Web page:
History of MPS

The history of these diseases begins in the early years of the 20th century when a child was seen in the Royal Infirmary in Edinburgh. He had all the features later to become familiar as being characteristic of mucopolysaccharide storage diseases. Not knowing anything about the diseases, the physicians called it “Johnny McL’s disease”.

Then, in 1917, two patients were reported in the medical literature by Dr. Hunter from Winnipeg. Two years later a patient was recorded by Dr. Hurler in Germany. All of these patients exhibited coarse features, an enlarged liver and spleen, clawing of the hands and bony deformities. The German patient was severely developmentally delayed.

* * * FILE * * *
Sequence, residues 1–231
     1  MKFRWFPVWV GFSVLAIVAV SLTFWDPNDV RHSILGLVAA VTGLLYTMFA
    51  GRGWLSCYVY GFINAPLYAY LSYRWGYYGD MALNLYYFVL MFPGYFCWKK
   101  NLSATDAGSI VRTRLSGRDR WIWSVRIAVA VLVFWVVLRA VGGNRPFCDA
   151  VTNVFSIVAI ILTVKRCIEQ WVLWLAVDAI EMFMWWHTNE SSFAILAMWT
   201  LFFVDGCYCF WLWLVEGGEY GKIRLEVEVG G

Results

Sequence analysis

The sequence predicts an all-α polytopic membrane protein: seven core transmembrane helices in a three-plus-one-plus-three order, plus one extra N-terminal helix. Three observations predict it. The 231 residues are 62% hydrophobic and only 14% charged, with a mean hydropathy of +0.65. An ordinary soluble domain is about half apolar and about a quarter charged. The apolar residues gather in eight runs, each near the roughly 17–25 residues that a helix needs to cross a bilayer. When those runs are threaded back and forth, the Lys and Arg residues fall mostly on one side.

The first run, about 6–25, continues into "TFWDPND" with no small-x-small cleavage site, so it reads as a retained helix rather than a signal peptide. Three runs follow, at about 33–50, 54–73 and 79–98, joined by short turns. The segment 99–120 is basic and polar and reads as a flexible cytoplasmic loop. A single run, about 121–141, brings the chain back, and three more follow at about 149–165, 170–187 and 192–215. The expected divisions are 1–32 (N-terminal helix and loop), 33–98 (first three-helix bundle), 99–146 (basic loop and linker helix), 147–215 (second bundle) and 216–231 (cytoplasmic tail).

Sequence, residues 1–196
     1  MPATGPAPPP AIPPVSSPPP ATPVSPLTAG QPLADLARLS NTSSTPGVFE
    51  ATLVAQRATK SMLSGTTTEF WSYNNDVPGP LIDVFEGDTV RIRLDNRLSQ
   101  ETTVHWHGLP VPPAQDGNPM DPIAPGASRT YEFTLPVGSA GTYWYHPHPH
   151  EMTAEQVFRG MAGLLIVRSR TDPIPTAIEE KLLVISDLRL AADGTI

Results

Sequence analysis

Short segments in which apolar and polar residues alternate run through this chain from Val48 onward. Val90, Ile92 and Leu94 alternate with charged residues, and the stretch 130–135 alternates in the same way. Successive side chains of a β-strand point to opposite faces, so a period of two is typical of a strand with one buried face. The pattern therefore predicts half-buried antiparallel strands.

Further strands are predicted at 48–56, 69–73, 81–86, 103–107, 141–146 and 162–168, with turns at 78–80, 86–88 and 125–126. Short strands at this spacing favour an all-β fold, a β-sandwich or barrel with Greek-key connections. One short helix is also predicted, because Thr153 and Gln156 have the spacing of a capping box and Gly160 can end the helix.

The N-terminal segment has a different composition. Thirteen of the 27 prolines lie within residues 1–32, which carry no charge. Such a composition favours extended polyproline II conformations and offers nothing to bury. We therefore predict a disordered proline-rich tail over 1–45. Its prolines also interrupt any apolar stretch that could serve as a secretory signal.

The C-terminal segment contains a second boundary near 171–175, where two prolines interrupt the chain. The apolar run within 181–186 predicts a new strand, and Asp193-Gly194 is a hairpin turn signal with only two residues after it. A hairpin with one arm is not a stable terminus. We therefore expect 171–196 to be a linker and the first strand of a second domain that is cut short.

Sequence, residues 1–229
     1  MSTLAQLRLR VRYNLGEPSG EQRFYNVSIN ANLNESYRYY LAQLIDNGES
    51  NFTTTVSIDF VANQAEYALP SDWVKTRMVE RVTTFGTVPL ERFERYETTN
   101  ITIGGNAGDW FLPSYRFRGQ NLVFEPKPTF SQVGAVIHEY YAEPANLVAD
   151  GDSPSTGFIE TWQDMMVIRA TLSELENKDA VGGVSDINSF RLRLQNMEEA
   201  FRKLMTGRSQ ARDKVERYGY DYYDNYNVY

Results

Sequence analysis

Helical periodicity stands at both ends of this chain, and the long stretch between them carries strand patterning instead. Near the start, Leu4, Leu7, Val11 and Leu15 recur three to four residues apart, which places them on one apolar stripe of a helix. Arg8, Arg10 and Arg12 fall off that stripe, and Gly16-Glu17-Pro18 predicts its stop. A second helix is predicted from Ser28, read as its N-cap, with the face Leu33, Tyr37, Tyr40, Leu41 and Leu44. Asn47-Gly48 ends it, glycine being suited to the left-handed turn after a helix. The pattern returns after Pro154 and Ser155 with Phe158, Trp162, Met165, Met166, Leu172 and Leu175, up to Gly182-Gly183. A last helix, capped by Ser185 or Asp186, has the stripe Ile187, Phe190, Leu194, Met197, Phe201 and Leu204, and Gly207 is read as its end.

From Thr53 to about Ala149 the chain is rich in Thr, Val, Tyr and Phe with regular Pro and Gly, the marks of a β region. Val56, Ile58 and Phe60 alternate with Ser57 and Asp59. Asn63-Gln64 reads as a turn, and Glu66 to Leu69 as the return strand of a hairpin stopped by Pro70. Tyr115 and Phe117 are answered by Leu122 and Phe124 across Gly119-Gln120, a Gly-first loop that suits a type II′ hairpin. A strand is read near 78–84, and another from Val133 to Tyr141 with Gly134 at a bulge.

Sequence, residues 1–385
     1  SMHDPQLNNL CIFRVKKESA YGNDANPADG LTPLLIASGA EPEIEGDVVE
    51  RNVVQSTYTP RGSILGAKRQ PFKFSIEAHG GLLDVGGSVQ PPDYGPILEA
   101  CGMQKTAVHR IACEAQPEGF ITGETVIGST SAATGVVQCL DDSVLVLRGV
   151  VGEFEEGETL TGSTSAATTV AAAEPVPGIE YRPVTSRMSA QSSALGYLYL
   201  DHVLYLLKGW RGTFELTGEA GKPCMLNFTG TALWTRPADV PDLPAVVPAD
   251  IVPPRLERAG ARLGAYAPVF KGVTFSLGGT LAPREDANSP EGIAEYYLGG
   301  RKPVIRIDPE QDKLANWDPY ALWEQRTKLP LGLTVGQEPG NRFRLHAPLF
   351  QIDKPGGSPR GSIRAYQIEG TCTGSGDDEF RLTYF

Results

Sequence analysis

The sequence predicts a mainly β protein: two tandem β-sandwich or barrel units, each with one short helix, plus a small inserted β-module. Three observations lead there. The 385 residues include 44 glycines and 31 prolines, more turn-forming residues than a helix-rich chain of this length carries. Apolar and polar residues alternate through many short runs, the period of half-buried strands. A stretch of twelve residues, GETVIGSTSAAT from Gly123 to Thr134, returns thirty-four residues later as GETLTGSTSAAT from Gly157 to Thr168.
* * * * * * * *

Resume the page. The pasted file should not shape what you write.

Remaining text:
The reports by Drs. Hunter and Hurler were later read by other physicians and it became obvious that there were other children who looked like the patients and had similar characteristics. The eponym for the condition became Hurler Syndrome. Worthy of note is that the first careful description of the disease was made here in Canada.